to bring good news to the poor

[Luke omitted to bind up the brokenhearted.]

He has sent me to proclaim
release to the captives
and recovery of sight to the blind,
to let the oppressed go free [58:6],
to proclaim the year of the Lord’s favor.

Noteworthy is Jesus’ omission of the next line in 61:2, “and the day of vengeance of our God.” Sometimes what one does not say is as important as what one says. Does this omission reveal something about Jesus’ understanding of the nature of God?

As we have seen, this Gospel emphasizes the role of the Holy Spirit. Here the reference to Jesus’ baptismal anointing for his mission is obvious (3:21-22). And in contrast to the wilderness temptations to be the type Messiah the people expected (4:1-13), the four infinitive clauses of this quotation reveal the type Messiah he will be—he will preach good news to the poor, will proclaim release to the captives and recovery of sight to the blind, will set free those who are oppressed, and will proclaim the acceptable year of the Lord. As the Gospel unfolds, the author presents stories selected to demonstrate the fulfillment of this prophecy (hence, scholars see this story as programmatic for Luke).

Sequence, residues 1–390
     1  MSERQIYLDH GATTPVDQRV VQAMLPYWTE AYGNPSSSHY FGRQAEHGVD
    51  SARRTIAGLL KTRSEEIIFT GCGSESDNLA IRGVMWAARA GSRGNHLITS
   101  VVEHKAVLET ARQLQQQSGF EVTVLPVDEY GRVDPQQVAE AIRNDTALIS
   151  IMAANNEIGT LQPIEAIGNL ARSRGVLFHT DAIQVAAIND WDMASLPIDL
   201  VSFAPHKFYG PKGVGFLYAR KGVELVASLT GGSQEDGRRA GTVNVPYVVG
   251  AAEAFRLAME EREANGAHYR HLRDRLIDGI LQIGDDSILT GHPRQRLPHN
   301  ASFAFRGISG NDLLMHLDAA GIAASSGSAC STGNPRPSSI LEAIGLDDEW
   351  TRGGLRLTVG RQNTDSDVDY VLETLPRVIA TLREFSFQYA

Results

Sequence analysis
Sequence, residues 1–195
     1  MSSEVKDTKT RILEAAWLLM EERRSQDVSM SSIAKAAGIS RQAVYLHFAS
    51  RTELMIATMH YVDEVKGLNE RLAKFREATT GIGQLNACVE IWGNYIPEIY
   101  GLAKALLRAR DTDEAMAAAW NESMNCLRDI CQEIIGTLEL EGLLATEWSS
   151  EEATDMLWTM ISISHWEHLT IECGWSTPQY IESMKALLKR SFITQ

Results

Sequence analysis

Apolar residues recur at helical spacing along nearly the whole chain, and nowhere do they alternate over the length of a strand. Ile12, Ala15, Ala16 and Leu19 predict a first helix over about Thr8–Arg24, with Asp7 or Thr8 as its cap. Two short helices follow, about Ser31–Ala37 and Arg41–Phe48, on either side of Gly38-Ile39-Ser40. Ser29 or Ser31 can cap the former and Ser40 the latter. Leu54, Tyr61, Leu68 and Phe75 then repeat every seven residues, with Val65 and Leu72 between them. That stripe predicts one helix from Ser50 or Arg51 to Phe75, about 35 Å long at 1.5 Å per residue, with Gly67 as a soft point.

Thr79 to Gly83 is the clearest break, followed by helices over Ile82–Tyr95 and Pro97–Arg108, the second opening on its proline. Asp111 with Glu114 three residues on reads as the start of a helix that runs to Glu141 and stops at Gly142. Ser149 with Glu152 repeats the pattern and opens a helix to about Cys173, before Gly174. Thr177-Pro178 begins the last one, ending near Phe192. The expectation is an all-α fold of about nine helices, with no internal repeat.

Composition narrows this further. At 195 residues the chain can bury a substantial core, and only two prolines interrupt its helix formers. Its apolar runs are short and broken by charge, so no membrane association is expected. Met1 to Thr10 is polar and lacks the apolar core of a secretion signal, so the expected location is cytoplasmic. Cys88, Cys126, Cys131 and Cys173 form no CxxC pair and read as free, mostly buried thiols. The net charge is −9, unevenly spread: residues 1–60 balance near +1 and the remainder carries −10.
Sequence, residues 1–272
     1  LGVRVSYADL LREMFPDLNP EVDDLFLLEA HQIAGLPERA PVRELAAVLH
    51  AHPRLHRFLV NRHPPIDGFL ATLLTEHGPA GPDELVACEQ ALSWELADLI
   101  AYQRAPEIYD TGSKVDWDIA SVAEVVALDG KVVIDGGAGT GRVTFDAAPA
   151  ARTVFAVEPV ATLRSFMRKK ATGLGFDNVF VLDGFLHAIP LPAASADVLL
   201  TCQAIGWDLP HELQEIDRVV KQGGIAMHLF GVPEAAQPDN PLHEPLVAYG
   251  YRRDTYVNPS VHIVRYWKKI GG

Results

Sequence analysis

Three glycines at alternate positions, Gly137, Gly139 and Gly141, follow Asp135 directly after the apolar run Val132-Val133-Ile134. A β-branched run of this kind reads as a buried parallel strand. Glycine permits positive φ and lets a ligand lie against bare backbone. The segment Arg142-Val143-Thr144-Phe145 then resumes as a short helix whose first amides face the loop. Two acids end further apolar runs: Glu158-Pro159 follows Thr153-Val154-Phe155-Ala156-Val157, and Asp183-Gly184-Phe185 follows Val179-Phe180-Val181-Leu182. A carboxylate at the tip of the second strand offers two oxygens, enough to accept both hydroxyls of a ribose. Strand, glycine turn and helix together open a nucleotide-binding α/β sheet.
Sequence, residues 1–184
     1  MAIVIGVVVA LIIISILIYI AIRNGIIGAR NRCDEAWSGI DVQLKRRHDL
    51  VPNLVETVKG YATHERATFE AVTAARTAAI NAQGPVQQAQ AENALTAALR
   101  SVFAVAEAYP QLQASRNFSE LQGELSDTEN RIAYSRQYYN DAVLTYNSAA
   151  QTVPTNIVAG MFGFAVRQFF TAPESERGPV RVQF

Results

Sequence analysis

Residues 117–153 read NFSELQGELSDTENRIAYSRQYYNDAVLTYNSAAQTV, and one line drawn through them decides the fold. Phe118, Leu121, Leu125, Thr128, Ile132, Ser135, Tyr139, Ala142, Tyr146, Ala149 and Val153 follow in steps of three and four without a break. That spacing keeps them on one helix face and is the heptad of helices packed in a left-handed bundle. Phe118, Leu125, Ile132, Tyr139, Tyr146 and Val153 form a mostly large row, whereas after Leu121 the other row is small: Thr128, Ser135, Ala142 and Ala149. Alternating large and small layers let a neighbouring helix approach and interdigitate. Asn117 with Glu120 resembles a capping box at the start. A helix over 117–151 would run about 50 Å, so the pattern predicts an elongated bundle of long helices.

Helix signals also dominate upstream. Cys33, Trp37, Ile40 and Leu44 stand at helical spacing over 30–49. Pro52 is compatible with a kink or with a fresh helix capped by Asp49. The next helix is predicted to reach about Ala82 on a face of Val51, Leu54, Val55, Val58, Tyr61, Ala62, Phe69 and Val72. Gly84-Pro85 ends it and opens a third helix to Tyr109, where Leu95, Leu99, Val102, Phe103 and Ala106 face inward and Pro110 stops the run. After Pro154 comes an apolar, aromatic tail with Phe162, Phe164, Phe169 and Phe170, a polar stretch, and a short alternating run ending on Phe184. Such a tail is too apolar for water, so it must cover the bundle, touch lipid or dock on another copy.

Preachers and teachers may easily mine this passage for the wealth of possibilities contained therein. In an earlier article, I suggested the following approach.

Jesus proclaimed that his ministry would have economic and political impact as well as involve physical and spiritual healing. Any attempt to restrict the poor, the captives, the oppressed, and the blind to a “spiritualized” interpretation runs counter to the proclamation of “the acceptable year of the Lord,” an expression referring to the Jubilee Year described in Leviticus 25 and 27.

Every fiftieth year slaves were to be emancipated and land was to be returned to its original owner (family) without payment. Although there is no evidence that the Jubilee Year was frequently or faithfully observed—selfishness apparently prevailed—among the devout it became an important metaphor for the liberation God desired for the land and its inhabitants. Not surprisingly, Jubilee imagery attached itself to Jewish messianic expectation. That Jesus associated the Reign of God he came to announce/inaugurate with the Jubilee Year is clear. Yet equally clear from the Lucan presentation of Jesus’ ministry is that he did not call for the literal observance of the Levitical legislation.